damselfly adult

4. Insects that are normally common, but weren’t collected by many people in the class. This, I think, was based solely on scarcity.  If the supply had been high, no one would have cared about these.  The fact that only a few people had particular families made them worth more.  For example, hardly anyone seemed to have collected narrow winged damselflies.  They’re very easy to collect and there’s no reason people shouldn’t have them in their collections, but they were largely overlooked.   Thus, their value increased – but only this year and with this group of students.  The insects falling in this group would vary from year to year for sure.

crane fly top view

5. Common insects. Common insects weren’t worth as much as a lot of other things.  However, you could sometimes trade several common insects for a better insect if the recipient didn’t have the families they represented in their collections already.

6.  Things from laboratory cultures.  If someone on campus raised it in the lab or mass collected it in an agricultural field, the insect was virtually worthless, even if it was something that no one in the class would have in their collection if a student hadn’t brought them in.

This initial value system changed throughout the trading session.  At the beginning of the session, people tended to make the biggest, best trades.  That’s when one student traded a scorpionfly to a student for a rare, showy fly and another student traded her extra earwig for a webspinner that she just didn’t seem to be able to collect during the semester.  Later in the class, people started to trade the less valuable things.  Maybe an insect was common, but you didn’t have it in your collection yet either.  It was thus worth trading one of your lesser insects for at that point – or maybe 2 of your insects for three of that other student’s insects.  And then at the end of the session, it became a sort of free-for-all.  People started giving away the worthless things.  A student might have been the only person who brought whiteflies into the class, but he had tons, more than enough for everyone to have one.  No one was willing to trade for those because he had so many.  He eventually gave them away to everyone who wanted them without expecting anything in return.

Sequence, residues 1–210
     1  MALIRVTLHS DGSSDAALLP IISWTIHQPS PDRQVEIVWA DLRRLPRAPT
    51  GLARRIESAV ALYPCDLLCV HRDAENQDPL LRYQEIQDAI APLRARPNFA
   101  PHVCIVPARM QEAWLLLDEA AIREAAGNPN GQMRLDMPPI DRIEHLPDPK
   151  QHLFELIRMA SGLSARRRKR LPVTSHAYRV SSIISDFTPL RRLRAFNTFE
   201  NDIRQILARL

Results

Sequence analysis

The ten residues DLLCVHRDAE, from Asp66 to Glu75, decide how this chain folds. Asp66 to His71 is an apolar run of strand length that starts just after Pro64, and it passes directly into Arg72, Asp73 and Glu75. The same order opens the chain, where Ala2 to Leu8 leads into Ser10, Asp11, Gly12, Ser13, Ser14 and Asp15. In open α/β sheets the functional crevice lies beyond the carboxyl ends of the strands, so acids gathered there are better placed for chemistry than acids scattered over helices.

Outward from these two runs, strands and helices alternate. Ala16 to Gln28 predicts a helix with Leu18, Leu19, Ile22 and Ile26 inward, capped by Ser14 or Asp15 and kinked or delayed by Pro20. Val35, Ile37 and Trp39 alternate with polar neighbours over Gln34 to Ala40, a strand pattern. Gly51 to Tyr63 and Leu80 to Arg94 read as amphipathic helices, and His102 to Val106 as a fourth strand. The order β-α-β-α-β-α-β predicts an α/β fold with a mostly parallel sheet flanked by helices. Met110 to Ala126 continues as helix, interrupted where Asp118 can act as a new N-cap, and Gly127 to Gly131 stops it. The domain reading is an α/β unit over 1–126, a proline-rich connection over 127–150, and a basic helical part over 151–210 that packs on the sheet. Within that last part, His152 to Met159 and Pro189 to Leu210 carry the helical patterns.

I LOVE insect behavior.  It’s my very favorite science and something I intend to do for the rest of my life.  That said, I find people almost as fascinating as insects.  The fact that entire mini-economies rise and fall in something as simple as an insect trading session just blows my mind!  I had actually planned to trade a few things myself, but I got so wrapped up in watching the trades (and filming the hellgrammite I posted about a few weeks ago) that I forgot all about it!  Fascinating.  Simply fascinating.

Up next is another Friday 5.  It’s going to be a fun post, so look out for it Friday morning!


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42 thoughts on “The Economics of Insect Collections

  1. I absolutely love this post!!! Oh, it gave me a huge smile as I remembered back to my 2 ENTO college classes that required collections, one in CA in the spring and one in OH in the fall. I hope you become a professor. I think you’ll be great at it!